The filmmakers were actually sued by a disgruntled audience member, who had gone in expecting a Fast & Furious-style action-thriller – and in her defense, that’s what the trailers made it out to be – but instead got one of the most introspective noir gems of the last 50 years. Drive has no action to speak of, the main character (played by Ryan Gosling) barely has a dozen lines, but its impact can still be felt and will continue to be felt for decades to come. If poor CinemaScores are the sign of greatness, then its ‘D’ grade is a badge of honor.
Hereditary has so much in common with The Witch – a supremely talented debutant director, a trailblazing studio, and witches. It’s almost understandable that audiences that have been conditioned to the breakneck nature of modern horror to outright reject a film that has basically one location, a bunch of characters who speak in archaic English, and a murderous goat. Another thing that connects it to Hereditary? It’s dismal ‘D’ CinemaScore.
Killing Them Softly
One of the many reasons why audiences react with negativity is when we feel cheated when the marketing and trailers have painted a very specific picture, only for the final film to be nothing like what we’ve been shown and told for months. When fans bought tickets to the new Brad Pitt crime thriller, they were expecting something along the lines of The French Connection, or other popular ‘70s-style noir sagas, but what they got instead was a rumination on the Great Recession of 2008, a verbose script, and existential dread. The result: a rare ‘F’ grade on CinemaScore.
We Are What We Are
Director Jim Mickle brought a level of sophistication to his remake of the Mexican cult film of the same name, about a family of cannibals that decides to continue ritualistically kidnapping and killing prey after the death of their patriarch. The American version premiered at the Sundance and Cannes film festivals and earned a fantastic 86% Rotten Tomatoes score. The audience responded with a 49%.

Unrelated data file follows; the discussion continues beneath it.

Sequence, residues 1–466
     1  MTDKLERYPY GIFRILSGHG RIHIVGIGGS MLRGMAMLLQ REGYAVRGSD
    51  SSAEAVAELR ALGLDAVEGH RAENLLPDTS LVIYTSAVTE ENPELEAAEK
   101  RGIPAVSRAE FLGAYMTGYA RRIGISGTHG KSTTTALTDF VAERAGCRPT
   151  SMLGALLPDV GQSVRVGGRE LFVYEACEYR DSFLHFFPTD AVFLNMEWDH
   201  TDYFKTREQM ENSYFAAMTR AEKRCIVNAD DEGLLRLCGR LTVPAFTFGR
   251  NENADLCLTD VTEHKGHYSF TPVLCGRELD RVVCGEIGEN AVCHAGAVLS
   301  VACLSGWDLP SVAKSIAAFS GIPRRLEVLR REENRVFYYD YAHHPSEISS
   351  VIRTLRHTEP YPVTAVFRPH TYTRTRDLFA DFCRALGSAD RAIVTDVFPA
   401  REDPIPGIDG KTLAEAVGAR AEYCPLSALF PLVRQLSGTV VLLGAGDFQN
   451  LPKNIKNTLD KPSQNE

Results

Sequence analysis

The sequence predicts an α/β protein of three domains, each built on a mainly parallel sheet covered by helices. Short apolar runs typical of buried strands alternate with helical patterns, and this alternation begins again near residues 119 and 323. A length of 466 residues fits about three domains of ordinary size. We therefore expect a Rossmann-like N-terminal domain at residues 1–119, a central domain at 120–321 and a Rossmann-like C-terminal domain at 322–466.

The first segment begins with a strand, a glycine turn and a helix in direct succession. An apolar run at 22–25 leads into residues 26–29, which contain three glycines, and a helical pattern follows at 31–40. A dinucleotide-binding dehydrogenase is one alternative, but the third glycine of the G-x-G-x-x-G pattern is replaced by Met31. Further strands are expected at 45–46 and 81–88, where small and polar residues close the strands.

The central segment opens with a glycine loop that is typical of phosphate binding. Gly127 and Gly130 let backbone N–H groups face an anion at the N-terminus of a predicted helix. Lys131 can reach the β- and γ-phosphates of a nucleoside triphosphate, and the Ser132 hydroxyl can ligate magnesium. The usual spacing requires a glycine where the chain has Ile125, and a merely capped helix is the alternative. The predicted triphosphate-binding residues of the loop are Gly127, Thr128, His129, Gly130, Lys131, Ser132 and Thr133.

Director Bobcat Goldthwaite’s found footage anomaly was a slight film, but it was my absolute favorite horror movie of 2014. Nothing, however, can explain the staggering divide between the audience and critics’ ratings on RT. While the reviews were glowing (86%), audiences dismissed it with a shameful 33%. Interestingly, the film it most resembles, The Blair Witch Project, was also poorly rated by the public, despite being hailed by the media as a gamechanger.
Mike Flanagan is one of the brightest voices in modern horror filmmaking and Oculus, a paranormal thriller about a sibling duo haunted by their past, is perhaps his most mainstream effort – it was even remade in India with Huma Qureshi and Saqib Saleem. In addition to its ‘C’ CinemaScore, there was a massive difference of 20% between what the audiences and critics felt on Rotten Tomatoes.
Director Rodney Ascher burst onto the scene with his chilling documentary Room 237 about Stanley Kubrick’s horror classic, The Shining. He followed it up with The Nightmare, a chilling first-person account of eight people’s experiences with a condition called sleep paralysis, whose description alone is fuel for sleepless nights. I urge you to read up about it. But the film, despite a solid 71% Rotten Tomatoes score, could only manage a 43% audience rating.
One of the reasons that Paramount Pictures abandoned Alex Garland’s blazingly ambitious sci-fi horror was because they had cold feet about its box office prospects. The film was handed off to Netflix, much to the annoyance of Garland, who maintained that he had intended it for the big screen. Annihilation scored a healthy 87% on Rotten Tomatoes, but a ‘C’ grade on CinemaScore.